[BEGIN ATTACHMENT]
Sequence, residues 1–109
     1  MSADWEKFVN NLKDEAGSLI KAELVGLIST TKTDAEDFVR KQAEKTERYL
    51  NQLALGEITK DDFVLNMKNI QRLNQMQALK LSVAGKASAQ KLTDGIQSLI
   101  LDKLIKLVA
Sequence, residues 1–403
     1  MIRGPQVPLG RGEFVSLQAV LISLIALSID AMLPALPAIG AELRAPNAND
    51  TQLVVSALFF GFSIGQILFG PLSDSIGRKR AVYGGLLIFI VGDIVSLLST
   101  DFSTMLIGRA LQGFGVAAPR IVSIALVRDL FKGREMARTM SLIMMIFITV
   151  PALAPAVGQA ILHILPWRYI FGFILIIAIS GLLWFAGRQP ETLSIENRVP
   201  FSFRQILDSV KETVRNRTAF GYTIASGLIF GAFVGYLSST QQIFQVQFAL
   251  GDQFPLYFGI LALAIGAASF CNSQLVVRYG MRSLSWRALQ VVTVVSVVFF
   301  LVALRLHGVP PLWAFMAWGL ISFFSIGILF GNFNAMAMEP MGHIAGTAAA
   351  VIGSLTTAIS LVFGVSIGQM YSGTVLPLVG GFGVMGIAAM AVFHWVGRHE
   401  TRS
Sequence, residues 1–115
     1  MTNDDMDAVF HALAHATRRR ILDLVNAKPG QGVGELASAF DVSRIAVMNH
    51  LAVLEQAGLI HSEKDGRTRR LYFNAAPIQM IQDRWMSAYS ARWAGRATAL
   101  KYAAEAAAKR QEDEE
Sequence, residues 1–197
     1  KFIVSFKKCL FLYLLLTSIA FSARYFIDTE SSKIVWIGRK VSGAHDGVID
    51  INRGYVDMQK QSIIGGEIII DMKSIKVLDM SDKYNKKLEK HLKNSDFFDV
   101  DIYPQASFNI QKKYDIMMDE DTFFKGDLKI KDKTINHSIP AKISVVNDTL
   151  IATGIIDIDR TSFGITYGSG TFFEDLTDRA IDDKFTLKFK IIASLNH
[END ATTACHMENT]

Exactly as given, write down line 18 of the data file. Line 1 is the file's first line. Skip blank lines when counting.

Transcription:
   101  KYAAEAAAKR QEDEE